Expanding and Engaging the Archive within the Liberal Arts

Kent Gerber's picture

Digital Libraries are a convergence of digital humanities and archives because they are involved in selecting, managing, curating and preserving artifacts of cultural heritage. As the librarian responsible for Bethel’s digital collections of scholarship, history, and cultural heritage I’ve collaborated with our archivist to select and convert physical items from the archive to present in an organized and sustainable online collection. Once the items are online, I collaborate with faculty, staff, and students to work on curation, discovery, and exhibition through our website and digital management software and teaching and outreach on campus.

Digital humanities and digital library work is interdisciplinary and brings the contents of the archive into a broader context through digital collections that are well-organized, discoverable, and sustainable into the future for multiple disciplines, systems, and audiences. This means that digital collections and archives involve more than just traditional archival materials. This is particularly true in the context of a mid-sized liberal arts university where the scope is broader and less specialized. In addition to collaborating with the archives on campus, I also collaborate with the art galleries, special collections, natural history specimen collections, and campus entities like the International Study Abroad office who contribute reflective photo-essays from students who have studied abroad. On a larger scale, the digital environment requires collaborations with multiple disciplines and multiple cultural heritage institutions—which has become a meta-community called GLAM (Galleries, Libraries, Archives, and Museums) demonstrated in the OpenGLAM. This convergence is also what can contribute to a dilution of the definition of the word “archives” as Kate Theilen discusses and pointed out by Cal Murgu in his entry DH and Digital Archives. The related concepts of “library” and “curation” are also subject to this same phenomenon being associated with a shallow “collection of items selected for a purpose” concept over the more comprehensive meanings. I find it helpful to use the Digital Curation Centre (DCC) Curation Lifecycle Model below, which shows the full range of activities and expertise involved in digital curation, as a common reference point with collaborators in order to clarify what we mean, and don’t mean, by "archive" in a digital humanities project and to determine the collaborative roles rather than overlook them or set them aside.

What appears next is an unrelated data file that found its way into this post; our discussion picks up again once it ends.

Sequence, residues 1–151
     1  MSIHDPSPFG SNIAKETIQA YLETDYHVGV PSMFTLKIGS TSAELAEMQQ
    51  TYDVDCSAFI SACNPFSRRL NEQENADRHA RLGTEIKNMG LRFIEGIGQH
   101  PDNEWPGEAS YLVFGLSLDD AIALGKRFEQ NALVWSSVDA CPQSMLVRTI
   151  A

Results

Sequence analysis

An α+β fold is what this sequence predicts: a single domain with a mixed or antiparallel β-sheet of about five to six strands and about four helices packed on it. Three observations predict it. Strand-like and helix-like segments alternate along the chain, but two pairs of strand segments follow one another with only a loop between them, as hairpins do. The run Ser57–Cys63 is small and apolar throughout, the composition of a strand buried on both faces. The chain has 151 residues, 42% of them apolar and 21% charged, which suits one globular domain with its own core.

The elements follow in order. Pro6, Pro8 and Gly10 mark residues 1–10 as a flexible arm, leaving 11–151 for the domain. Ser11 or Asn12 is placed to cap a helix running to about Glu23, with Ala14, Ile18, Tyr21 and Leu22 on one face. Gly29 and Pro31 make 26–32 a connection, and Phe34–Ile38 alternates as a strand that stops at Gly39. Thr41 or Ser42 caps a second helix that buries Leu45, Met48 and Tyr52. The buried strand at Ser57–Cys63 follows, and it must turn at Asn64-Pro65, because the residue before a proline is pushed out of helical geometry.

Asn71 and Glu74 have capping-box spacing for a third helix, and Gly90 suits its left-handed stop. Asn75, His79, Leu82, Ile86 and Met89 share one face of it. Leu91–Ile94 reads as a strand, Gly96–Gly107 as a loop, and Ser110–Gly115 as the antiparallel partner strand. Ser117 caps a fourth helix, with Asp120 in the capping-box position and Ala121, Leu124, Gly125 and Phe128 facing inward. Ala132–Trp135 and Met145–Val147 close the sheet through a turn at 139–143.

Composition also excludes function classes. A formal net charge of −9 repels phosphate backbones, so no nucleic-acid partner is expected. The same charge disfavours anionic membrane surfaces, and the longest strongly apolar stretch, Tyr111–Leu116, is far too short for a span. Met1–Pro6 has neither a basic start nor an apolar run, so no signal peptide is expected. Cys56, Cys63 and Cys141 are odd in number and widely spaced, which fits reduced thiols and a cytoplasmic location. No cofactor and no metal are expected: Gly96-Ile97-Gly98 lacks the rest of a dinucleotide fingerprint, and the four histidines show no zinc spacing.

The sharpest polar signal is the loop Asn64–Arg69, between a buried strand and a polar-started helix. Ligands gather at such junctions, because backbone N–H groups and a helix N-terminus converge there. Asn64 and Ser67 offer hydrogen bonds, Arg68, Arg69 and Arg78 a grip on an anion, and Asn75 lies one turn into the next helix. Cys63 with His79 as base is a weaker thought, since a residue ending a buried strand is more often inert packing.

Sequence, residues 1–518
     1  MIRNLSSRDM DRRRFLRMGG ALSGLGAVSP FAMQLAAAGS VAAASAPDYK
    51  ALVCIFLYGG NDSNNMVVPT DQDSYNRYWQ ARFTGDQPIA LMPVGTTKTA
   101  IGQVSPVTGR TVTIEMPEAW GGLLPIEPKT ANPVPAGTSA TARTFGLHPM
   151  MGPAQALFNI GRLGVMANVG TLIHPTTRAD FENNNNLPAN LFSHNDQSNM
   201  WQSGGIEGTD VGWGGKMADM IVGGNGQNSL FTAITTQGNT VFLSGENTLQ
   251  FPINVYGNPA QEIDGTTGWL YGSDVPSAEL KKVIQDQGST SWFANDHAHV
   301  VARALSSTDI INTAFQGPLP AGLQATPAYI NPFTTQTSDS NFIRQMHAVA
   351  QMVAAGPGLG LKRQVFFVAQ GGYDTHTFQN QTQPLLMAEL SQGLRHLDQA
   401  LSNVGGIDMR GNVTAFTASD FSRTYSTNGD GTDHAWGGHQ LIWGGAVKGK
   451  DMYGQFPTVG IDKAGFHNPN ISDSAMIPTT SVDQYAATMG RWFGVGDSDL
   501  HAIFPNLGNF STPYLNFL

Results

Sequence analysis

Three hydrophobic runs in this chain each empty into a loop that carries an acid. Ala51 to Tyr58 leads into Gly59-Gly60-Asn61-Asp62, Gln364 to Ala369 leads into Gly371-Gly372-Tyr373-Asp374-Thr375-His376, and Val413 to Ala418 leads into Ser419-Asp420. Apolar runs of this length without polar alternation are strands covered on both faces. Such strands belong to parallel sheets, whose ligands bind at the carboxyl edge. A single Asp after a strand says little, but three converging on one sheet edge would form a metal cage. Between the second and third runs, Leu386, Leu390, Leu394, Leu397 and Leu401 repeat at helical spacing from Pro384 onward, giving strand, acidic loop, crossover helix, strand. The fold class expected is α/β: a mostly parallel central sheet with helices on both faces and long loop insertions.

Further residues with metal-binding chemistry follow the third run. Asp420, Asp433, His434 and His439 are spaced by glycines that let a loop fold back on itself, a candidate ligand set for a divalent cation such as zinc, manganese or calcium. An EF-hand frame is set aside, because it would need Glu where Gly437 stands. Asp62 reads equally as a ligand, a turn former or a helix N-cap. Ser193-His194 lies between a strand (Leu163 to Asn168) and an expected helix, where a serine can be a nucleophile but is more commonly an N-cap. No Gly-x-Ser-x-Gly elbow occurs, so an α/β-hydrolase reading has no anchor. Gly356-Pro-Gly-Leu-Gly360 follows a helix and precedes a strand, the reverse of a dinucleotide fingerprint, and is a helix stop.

However, this convergence also affords greater opportunities for an archive to communicate its value by greater reach and use in research or teaching. At Bethel University, engaging in digital humanities through a collaboration between the Library and the History Department has extended the reach and impact of its archival collections. Digital archives have allowed students and faculty to more quickly research and explore certain themes within Bethel’s history and to respond to community events in a more agile way including memorials for colleagues who died. Access to the information has also allowed students, faculty, and staff to make more use of their own history including broader access to a biography of Bethel’s founder by administration, data mining of the full text of the student newspaper to determine the timing of a mascot change, and a faculty-student project resulting in a publicly-available resource exploring Bethel’s intersection with four world wars called Bethel At War. The larger scale of digital humanities work also impacts this work on a local level. An archive that was only locally accessible is now a regional and national resource through collaborations with the Minnesota Digital Library and the Digital Public Library of America to harvest and make these local collections more widely available.

These resources and projects also impact the behavior of the researchers themselves. Due to projects like these, scholars who depend on archives for their research are able to access important primary sources without as much extensive travel.  A 2012 report from Ithaka S+R found that historians physically visit archives less, have more focus in their visits when they do, engage in more information gathering instead of analysis when on site, and publish their research in increasingly digital formats.

Therefore, digital humanities can get the archives more deeply and widely involved in the activities of research and teaching and bring them into contact with a wider variety of disciplines and cultural heritage institutions.